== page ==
Dissertation Answers: Why Superman?


Part of what I have to be able to do in order to “defend” my dissertation prospectus is to answer questions, to my committee, regarding my choice of topic, provide a justification for the theories and theorists I am aiming to use in my dissertation itself, and help make the case for my actual argument. So, where do I start…


1.Why Superman?


Why not? He is the modern manifestation of America, of modern myth. He is one particular interpretation for what America can be for the rest of the world, and in this world’s current state of the world and United States today, it seems to be something even more relevant than ever. Of course, there is more to this answer. This is just a start.


2.Why use the theorist you are using?


Currently I am working with the following (primarily):


1. The Rhetorical Model – Chaim Perelman and Laurie Olbrechts-Tyteca (primary)


2. Identification and Cooperation – Kenneth Burke (persuasion and rhetoric)


3. Self-fashioning – Stephen Greenblatt


4. Dialogism and Reaccentuation – Mikhail Bahktin


The rhetorical role model is persuasive because it is self-fashioned to a form we (as a society) can identify with – both as an ideal (Superman) and as an everyman (Clark Kent) – and this identification allows the persuasion of the model to take hold and promote, inspired emulation, cooperation as found as part of Burke’s definition of rhetoric.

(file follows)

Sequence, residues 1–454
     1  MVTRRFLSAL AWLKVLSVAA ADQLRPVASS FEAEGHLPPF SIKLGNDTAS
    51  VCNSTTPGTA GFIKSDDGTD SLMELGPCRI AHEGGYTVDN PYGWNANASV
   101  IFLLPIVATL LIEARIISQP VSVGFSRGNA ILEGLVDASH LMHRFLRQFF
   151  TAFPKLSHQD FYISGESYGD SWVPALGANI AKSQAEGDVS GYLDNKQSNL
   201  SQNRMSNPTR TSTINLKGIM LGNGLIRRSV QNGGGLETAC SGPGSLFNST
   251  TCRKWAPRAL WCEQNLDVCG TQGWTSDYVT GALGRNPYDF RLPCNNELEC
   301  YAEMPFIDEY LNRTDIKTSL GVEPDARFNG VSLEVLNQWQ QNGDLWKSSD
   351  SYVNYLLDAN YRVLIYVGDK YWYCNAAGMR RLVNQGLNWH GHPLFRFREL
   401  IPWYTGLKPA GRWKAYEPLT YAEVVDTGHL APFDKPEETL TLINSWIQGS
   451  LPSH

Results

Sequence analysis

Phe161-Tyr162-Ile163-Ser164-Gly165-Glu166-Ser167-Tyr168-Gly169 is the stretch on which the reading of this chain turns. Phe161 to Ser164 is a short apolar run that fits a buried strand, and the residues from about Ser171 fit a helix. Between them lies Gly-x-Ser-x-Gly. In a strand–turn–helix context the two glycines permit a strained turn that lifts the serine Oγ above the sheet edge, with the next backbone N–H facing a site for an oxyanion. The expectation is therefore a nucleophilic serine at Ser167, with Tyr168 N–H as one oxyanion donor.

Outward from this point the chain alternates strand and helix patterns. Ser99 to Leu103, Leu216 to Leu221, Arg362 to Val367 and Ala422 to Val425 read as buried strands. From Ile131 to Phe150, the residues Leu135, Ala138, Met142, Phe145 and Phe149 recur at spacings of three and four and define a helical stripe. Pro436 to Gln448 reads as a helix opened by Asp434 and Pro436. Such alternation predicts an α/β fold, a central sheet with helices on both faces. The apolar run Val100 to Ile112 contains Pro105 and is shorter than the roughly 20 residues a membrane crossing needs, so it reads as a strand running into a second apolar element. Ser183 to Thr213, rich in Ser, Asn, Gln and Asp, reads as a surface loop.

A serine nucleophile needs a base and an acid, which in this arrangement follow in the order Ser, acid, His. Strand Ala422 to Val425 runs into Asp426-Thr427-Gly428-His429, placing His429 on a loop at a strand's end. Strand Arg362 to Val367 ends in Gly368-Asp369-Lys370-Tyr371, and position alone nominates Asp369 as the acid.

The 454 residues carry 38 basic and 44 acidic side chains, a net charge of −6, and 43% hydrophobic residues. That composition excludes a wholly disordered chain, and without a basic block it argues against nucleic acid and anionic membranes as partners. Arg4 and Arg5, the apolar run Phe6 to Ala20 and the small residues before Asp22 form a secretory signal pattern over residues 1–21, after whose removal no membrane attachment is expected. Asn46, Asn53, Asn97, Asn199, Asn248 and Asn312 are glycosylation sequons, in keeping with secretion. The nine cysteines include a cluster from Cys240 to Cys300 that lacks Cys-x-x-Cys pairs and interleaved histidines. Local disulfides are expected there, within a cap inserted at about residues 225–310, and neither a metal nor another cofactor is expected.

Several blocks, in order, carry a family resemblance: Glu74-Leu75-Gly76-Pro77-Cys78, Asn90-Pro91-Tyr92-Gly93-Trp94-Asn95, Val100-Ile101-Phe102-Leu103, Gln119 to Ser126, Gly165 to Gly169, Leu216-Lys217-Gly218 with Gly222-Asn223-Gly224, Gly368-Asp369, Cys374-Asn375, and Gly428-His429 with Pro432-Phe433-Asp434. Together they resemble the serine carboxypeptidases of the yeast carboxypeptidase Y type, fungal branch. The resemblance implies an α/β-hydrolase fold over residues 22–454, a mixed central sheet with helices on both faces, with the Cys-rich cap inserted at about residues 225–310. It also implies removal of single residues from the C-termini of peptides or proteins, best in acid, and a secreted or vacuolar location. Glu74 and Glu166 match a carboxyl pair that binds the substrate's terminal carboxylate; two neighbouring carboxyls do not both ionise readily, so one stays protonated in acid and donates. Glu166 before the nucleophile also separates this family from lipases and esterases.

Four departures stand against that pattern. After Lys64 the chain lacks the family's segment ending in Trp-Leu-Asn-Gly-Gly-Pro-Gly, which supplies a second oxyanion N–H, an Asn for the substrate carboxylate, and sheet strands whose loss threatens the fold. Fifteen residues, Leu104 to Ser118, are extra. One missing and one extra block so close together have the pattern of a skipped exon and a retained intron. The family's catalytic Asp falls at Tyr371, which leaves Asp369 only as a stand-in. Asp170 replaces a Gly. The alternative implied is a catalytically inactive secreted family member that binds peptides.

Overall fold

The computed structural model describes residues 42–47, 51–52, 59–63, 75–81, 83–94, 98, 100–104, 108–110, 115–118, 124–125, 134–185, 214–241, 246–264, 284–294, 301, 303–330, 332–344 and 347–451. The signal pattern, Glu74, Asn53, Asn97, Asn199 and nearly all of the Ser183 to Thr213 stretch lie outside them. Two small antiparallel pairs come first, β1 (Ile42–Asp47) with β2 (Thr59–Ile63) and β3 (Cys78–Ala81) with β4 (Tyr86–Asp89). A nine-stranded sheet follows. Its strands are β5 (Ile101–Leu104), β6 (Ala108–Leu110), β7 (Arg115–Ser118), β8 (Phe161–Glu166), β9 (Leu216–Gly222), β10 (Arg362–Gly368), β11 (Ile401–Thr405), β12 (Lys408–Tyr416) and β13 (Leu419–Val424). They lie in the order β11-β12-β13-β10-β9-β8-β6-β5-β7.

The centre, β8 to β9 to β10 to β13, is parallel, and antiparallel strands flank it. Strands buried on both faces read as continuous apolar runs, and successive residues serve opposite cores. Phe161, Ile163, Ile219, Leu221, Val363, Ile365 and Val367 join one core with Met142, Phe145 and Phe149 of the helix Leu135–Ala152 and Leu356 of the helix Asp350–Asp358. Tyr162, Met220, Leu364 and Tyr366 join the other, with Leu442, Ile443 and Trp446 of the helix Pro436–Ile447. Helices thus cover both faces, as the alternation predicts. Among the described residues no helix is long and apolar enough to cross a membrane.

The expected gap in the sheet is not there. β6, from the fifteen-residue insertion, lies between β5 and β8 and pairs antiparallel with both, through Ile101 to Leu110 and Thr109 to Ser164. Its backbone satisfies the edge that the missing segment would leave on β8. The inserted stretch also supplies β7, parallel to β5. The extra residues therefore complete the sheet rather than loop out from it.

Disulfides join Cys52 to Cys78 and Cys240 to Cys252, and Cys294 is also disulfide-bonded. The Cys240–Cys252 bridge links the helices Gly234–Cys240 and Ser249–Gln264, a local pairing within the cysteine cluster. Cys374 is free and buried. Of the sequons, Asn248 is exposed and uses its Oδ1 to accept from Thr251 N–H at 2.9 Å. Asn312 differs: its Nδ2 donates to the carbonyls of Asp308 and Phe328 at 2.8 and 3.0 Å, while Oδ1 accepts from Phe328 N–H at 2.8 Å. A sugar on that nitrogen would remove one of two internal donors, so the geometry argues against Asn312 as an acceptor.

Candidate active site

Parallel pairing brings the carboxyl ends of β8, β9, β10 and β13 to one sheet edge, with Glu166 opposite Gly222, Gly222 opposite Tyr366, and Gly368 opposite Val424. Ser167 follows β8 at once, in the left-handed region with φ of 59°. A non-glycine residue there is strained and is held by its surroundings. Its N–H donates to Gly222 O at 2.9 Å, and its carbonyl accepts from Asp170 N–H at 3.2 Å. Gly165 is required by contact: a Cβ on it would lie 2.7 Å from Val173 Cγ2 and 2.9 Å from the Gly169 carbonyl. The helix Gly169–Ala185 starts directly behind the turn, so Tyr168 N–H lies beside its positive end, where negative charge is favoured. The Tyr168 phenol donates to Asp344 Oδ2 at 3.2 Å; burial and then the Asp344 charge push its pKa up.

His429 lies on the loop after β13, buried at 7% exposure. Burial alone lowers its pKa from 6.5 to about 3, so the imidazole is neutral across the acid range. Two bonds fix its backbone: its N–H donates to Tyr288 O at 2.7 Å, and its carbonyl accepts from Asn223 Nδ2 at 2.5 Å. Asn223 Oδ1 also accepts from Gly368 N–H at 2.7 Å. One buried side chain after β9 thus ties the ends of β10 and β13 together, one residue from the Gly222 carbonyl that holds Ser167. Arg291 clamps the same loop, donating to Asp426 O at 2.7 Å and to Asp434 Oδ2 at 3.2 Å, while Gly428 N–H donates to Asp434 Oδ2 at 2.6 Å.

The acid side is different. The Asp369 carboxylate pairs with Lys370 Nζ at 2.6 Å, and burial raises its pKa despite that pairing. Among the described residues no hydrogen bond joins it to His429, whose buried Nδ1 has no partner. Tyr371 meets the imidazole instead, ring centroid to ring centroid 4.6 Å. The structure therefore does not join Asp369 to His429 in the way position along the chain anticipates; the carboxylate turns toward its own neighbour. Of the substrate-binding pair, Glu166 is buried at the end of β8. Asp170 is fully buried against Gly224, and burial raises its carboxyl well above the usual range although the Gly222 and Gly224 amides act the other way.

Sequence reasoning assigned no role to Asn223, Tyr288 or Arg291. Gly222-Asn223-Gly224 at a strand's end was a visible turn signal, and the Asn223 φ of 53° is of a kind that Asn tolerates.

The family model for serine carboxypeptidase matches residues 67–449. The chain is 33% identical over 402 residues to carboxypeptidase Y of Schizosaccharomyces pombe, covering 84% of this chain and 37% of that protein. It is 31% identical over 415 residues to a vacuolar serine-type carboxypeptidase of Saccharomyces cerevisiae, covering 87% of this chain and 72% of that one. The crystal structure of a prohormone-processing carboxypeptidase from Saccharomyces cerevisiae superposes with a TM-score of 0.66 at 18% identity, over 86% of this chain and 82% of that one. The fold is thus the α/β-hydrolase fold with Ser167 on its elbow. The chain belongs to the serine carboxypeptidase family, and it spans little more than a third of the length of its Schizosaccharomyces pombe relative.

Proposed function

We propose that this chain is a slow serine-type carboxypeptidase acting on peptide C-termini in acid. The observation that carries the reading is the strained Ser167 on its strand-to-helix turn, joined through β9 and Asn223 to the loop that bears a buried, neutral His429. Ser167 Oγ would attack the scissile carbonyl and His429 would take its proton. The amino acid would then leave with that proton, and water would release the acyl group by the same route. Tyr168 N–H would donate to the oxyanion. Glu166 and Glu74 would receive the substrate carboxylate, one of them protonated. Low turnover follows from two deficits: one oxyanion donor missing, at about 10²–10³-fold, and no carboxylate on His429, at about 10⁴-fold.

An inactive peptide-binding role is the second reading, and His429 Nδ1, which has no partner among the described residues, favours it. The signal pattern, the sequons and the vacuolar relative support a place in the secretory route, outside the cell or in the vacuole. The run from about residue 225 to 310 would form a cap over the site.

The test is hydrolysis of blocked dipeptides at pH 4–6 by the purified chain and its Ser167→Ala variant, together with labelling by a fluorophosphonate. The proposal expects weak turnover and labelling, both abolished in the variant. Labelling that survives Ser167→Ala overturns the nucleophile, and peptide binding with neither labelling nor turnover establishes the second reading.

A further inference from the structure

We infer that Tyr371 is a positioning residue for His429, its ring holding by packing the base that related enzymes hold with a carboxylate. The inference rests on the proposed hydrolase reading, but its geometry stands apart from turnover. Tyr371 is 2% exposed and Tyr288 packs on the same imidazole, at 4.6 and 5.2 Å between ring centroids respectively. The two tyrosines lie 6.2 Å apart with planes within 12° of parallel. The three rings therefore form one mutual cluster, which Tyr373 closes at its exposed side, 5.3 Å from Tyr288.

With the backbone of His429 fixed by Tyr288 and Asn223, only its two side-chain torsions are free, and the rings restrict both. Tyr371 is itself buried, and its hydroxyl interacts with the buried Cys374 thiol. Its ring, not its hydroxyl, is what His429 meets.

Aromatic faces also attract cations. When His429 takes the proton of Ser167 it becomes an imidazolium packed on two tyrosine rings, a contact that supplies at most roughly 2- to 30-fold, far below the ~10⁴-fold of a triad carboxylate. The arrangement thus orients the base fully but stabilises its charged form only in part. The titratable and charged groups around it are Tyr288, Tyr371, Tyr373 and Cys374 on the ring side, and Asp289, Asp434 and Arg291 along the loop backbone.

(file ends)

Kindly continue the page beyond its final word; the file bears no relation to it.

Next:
“self-fashioning” — “Identification” — “rhetorical role model” — “cooperation”


The dialogic and reaccentuation element develops via aspects that Superman and how he is connected to American culture and American culture is turn influenced/shapes Superman the character – it helps determine parts of the self-fashioning and choices that make Superman identifiable. Part of what of the achievement that also aids Superman in his identification comes from the ability also of the character to tap into reaccentuated, appropriated, identifiable elements of myth and heroism that are embodied in Superman.



3.What is my major argument?


I think I may have just found what I really REALLY want to be as part of my opening introduction to my dissertation. In the opening segment of the October 19, 2013 episode of the NPR program “This American Life,” John Hodgman discussed a choice in superpowers. The debate surrounds a choice between the powers of flight versus that of invisibility. In the closing of segment, Hodgman summed up the discussion with a question by acknowledging he himself has trouble choosing and that it boils down to a question of choice: “who do you want to be? The person you hope to be or the person you fear you actually are?


This, for me, was a seriously compelling moment.


Superman flies. Superman goes without a mask; he acts with nobility and openness – exposed. This would not be everyone’s choice, but Superman does this because he is a hero – a superhero.